Summer Research Fellowships

Publication Date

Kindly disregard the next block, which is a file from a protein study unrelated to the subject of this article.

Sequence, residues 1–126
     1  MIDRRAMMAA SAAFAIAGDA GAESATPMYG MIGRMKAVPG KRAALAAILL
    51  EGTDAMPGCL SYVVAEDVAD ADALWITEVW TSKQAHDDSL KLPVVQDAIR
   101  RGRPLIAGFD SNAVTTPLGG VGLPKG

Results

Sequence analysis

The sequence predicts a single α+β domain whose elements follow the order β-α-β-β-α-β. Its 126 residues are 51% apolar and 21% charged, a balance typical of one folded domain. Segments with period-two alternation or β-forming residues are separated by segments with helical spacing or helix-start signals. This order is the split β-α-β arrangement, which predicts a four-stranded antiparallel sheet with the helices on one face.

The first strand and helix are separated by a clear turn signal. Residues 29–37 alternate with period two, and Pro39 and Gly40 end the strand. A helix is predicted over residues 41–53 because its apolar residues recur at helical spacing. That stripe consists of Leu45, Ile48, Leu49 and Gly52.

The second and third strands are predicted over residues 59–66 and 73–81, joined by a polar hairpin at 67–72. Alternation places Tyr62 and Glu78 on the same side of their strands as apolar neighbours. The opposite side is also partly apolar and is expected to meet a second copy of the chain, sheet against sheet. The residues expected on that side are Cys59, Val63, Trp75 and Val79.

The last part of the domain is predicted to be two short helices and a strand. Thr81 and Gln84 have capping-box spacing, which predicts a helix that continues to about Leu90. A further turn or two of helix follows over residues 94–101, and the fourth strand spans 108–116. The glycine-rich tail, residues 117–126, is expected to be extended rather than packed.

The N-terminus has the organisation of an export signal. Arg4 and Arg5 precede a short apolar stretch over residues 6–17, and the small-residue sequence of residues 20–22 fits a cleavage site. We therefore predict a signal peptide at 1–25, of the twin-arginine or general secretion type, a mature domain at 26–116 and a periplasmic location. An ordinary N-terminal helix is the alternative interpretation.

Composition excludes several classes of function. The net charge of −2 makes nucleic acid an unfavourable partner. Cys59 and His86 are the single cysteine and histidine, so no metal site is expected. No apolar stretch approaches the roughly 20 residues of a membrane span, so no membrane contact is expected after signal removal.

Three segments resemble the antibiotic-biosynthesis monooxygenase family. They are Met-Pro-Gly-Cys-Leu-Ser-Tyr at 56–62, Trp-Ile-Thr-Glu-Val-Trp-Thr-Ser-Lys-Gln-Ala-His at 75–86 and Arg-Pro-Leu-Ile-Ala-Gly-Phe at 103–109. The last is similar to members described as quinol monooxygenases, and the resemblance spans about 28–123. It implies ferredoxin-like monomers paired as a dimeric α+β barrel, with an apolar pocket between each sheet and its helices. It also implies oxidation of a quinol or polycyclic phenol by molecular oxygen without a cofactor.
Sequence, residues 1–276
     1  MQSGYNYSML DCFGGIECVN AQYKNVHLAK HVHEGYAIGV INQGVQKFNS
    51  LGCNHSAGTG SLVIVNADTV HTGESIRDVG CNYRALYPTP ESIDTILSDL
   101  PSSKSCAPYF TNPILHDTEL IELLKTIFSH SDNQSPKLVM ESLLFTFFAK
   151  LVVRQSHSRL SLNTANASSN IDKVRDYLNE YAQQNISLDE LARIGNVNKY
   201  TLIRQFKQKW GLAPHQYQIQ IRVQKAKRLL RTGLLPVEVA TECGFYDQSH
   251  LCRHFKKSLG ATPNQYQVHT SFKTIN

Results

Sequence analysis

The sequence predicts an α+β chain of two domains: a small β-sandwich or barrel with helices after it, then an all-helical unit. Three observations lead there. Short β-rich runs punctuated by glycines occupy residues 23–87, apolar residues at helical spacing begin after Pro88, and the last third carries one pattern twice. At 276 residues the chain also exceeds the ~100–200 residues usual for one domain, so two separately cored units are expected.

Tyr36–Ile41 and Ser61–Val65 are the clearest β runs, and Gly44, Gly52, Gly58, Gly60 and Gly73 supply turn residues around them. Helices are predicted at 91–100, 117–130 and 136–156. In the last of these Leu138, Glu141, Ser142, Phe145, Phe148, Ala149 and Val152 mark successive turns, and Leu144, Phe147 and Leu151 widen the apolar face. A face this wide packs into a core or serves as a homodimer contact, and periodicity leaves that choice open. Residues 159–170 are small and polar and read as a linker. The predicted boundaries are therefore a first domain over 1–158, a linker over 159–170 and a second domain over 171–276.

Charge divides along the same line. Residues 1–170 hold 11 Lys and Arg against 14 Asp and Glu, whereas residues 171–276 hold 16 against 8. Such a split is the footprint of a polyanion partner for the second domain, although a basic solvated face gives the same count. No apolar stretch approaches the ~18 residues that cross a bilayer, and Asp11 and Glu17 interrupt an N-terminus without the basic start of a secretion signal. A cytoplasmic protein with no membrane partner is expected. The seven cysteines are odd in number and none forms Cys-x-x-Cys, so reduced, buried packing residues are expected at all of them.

In 1967, two visionary policymakers, Laurance Rockefeller and Conrad Wirth, proposed that a core region of the Adirondack Park be established as a National Park, under the control of the National Park Service. Though unsuccessful, the 1967 proposal addressed a range of contentions, many of which are still relevant today, and also established an ongoing debate on the advantages and disadvantages of federal versus state regulatory action. This paper acknowledges the debate, but finds inherent advantages to an expanded federal role within the Adirondack Park. Times have changed. Attitudes have changed. Tracking the resistance, resentment, attitudes and impacts from 1967, this paper argues that revisiting the idea of having the NPS assume a full or even partial management role of a core region within the Adirondack Park is promising while also acknowledging that the prospect would face significant headwinds.



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